Some features of this site are not compatible with your browser. Install Opera Mini to
better experience this site.
Gulf Stream’s Brightness Temperature
This page contains archived content and is no longer being updated. At the time of publication, it represented the best available science. However, more recent observations and studies may have rendered some content obsolete.
On May 2, 2001, the Moderate-resolution Imaging Spectroradiometer (MODIS) obtained this spectacular image of the Atlantic Ocean's Gulf Stream. The false colors in the image represent "brightness temperature" observed at the top of the atmosphere. The brightness temperature values represent heat radiation from a combination of the sea surface and overlying moist atmosphere.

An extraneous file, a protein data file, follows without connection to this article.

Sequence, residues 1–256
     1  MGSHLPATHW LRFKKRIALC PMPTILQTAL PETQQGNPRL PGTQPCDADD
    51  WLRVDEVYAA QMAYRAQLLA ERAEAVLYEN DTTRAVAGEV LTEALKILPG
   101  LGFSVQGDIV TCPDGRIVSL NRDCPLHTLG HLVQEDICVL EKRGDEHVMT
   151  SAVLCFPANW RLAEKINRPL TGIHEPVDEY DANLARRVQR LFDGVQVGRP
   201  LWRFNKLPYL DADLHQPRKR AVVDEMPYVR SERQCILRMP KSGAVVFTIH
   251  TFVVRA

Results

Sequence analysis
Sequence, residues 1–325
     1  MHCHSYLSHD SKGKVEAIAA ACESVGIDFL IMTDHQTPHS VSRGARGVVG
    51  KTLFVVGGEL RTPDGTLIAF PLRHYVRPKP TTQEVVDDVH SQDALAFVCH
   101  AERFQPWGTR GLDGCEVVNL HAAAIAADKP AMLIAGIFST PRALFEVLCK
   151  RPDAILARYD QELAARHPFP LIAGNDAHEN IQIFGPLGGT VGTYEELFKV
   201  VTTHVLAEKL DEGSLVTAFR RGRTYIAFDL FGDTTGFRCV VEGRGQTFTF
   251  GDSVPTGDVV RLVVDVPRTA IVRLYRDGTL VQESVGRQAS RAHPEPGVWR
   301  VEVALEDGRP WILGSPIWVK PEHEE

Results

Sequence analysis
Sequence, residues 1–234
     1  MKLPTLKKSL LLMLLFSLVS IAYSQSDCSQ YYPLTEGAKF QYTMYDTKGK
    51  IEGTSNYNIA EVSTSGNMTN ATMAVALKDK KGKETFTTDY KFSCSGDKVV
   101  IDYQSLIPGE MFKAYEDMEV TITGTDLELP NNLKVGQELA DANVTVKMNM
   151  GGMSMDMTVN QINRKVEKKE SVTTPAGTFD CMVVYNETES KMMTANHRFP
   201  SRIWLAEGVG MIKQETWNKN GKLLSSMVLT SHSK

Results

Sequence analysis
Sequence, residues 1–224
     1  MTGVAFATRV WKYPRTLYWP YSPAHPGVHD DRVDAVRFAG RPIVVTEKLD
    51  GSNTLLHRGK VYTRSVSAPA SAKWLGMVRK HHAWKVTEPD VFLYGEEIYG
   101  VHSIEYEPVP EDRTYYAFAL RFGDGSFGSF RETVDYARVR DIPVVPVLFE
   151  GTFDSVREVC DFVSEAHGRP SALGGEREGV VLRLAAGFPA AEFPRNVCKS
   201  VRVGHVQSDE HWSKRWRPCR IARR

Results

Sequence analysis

The red pixels in this image show the warmer areas (approaching 25°C), greens are intermediate values (12-13°C), and blues are relatively low values (less than 10°C). Notice the considerable detail in the swirls and gyres of the current patterns in the Gulf Stream.
This image was produced using MODIS' detectors that are sensitive to the 11-micron wavelength. Brightness temperature is actually a measure of the photons at this wavelength received by the spacecraft, but presented in units of temperature (Celsius). Since the atmospheric water vapor emits photons at this wavelength in addition to those emitted by the underlying sea surface, what you are actually seeing is a combination of both. Thin clouds and water vapor at higher altitudes appear as cooler areas.
Heat is being released into the overlying atmosphere from the ocean, raising the humidity. This image depicts the complex interaction of the sea with the atmosphere.
These images were produced from data collected and processed by the University of Wisconsin-Madison's MODIS direct broadcast receiving station. The MODIS sensor flies aboard NASA's Terra spacecraft, launched in December 1999.